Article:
Islamic finance aims to move into longer-term infrastructure projects in Asia, and, Africa, as governments and Islamic bankers plan a new organisation to handle deals and expand efforts to use sukuk for projects in majority-Muslim countries of the two continents.
The asset-backed nature of Islamic finance should in theory make it ideal to build highway networks, ports and other big projects. An estimated $800 billion worth of infrastructure financing will be needed each year in Asia over the next decade, according to the Asian Development Bank.
But so far, technical, legal and political issues have mostly confined sharia-compliant infrastructure deals to mid-sized ones with shorter tenors. Only a handful of project finance deals have been done.Governments are now trying to break the impasse. Indonesia, Turkey and the Jeddah-based Islamic Development Bank said last month that they planned to launch an Islamic infrastructure bank, with Indonesia and Turkey pledging at least $300 million each.
Governments are now trying to break the impasse. Indonesia, Turkey and the Jeddah-based Islamic Development Bank said last month that they planned to launch an Islamic infrastructure bank, with Indonesia and Turkey pledging at least $300 million each.
“We build this first, then we ask others to join,” said Indonesia’s Finance Minister Bambang Brodjonegoro.
The IDB is in talks with Chinese officials to study the potential use of Islamic finance by the Asian Infrastructure Investment Bank (AIIB) which Beijing plans to establish. The IDB and the AIIB might co-finance projects.
An alliance between the AAIB and the IDB could be a powerful one – deals in which the Chinese-backed bank was involved might be seen to have China’s foreign exchange reserves and political clout behind them, drawing fresh investors to Islamic finance.
Mohd Effendi Abdullah, senior vice president of Islamic markets at AmInvestment Bank, one of Malaysia’s top arrangers of Islamic bonds, said increasing issuance of longer-dated sukuk was helping to set pricing benchmarks for future infrastructure deals.
In April, the Malaysian government sold $500 million of 30-year Islamic bonds, the world’s first sovereign sukuk with such a tenor.
If sukuk are to play a bigger role in infrastructure, their arrangers will need to become comfortable working with longer tenors. Last year, $114 billion of sukuk were issued globally but only $24.5 billion had tenors of 10 years or more, according to Zawya, a Thomson Reuters company. Conventional Asian infrastructure bonds have tenors of up to 20 years, Abdullah said.
Another frequent obstacle to the use of sukuk for infrastructure is their complex structures. Some require the transfer of assets into special purpose vehicles, which can be problematic for political or legislative reasons when it comes to large state projects.
“Sovereigns may not be willing to adopt such structures if they may risk losing control of the asset, or if they do not have the necessary regulation and legislation allowing them to do so,” Fitch Ratings said in a research note.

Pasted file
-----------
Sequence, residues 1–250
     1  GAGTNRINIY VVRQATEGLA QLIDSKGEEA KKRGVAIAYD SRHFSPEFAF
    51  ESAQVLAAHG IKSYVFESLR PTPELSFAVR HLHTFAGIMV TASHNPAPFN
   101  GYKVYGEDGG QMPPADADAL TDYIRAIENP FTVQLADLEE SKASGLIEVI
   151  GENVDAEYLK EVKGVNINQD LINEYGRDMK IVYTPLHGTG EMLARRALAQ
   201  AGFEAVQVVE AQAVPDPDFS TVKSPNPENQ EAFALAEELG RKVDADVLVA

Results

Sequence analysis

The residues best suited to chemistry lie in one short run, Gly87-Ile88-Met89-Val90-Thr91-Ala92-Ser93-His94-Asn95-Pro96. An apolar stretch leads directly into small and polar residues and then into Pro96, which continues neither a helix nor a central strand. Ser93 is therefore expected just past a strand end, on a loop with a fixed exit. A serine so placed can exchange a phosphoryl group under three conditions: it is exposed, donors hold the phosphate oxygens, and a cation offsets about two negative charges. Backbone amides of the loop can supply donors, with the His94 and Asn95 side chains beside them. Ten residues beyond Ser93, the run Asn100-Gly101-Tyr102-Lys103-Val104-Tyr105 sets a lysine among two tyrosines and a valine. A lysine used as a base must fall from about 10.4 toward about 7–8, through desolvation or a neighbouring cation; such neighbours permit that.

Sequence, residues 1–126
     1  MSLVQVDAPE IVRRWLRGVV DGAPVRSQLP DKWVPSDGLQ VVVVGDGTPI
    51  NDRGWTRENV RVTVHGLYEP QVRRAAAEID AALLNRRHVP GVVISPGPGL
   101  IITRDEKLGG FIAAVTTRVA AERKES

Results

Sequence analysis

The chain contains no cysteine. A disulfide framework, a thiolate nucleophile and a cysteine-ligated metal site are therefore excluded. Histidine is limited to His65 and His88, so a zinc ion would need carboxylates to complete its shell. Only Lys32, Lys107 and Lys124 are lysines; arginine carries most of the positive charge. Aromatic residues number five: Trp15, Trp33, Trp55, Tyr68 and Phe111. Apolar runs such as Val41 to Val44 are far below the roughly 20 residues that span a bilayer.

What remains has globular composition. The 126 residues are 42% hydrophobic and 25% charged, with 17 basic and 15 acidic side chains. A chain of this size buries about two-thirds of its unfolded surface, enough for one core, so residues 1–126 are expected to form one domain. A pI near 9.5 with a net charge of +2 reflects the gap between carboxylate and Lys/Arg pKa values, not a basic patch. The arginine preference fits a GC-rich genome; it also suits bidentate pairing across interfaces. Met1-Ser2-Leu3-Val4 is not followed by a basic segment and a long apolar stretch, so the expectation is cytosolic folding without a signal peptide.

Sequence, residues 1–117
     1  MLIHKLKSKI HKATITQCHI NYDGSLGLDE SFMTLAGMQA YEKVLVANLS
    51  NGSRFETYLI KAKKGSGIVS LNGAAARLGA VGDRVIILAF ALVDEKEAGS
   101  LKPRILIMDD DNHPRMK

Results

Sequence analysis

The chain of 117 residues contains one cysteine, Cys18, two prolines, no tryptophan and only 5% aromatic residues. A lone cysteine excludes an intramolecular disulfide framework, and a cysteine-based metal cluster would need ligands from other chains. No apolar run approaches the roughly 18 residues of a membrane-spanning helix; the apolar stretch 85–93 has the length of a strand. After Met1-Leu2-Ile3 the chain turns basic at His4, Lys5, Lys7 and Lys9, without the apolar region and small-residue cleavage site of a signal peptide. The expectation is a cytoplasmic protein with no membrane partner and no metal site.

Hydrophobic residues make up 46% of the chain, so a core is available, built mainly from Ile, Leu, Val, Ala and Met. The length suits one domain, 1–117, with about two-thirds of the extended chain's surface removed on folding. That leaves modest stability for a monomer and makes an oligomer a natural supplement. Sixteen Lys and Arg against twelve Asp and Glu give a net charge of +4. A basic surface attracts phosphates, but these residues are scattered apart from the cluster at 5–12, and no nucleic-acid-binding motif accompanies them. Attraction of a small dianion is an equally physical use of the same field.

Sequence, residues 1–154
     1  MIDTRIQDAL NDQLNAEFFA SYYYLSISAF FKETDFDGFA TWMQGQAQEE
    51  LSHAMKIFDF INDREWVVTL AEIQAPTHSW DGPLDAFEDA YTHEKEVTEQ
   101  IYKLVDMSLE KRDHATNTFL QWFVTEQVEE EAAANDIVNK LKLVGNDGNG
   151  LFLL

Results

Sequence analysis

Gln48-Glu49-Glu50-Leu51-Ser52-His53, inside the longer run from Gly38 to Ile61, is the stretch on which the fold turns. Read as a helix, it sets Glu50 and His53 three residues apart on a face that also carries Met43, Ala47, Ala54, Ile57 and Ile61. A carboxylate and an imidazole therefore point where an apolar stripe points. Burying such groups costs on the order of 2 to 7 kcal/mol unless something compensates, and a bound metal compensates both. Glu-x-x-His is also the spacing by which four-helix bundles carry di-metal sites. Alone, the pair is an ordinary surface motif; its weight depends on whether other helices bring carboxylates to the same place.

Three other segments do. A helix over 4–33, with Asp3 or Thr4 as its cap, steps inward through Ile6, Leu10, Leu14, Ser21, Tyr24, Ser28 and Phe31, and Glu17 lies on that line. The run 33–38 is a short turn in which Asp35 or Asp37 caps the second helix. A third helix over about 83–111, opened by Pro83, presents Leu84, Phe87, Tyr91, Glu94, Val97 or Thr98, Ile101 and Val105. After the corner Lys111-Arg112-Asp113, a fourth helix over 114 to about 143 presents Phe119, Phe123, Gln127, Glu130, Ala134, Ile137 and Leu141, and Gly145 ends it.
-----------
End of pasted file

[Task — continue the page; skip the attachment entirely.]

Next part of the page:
When Egypt was debating a bill to allow sovereign sukuk issues in 2013, there was an uproar over provisions which, critics said, might allow authorities to abuse their control of public assets for corrupt purposes, or expose those assets to seizure by private investors in case of default. The country has still not issued sukuk.
The industry wants to side-step the need for lengthy legislative efforts by developing new formats.
“This could be another form of hybrid sukuk, for instance ijara and wakala,” said Bashar Al Natoor, Dubai-based global head of Islamic finance at Fitch. “Istisna has not been used extensively but it is something that could also be explored.”
Ijara, favoured by many sovereign issuers, is a common arrangement in which an asset is leased out; in wakala, one party acts as an agent managing assets for another. Istisna is a deferred-delivery contract for which payments can be made in instalments.
Much will depend on whether issuers choose structures that are asset-backed – in which an outright sale of an asset takes place – or merely asset-based. Once the market reaches a consensus on which style is preferred, designing infrastructure sukuk deals will become easier, Natoor said.
“This would help determine if the sukuk is based on the creditworthiness of the obligor or on the actual performance of the project, which would be more like structured finance.”
Abdullah at AmInvestment Bank said the long-term liabilities of Islamic pension funds and insurers were growing, partly because of longer life expectancy, which made them more disposed to consider getting involved in infrastructure projects.
“Infrastructure projects, once completed, typically benefit from long-term concession agreements that usually offer stable and predictable cash flow, which are features that typically buy-and-hold Islamic investors tend to favour.”
Sukuk are likely to be used to help finance a number of big upcoming projects in Malaysia, including the 27 billion ringgit ($7.4 billion) pan-Borneo highway connecting the states of Sabah and Sarawak, Abdullah added.
Originally published on www.reuters.com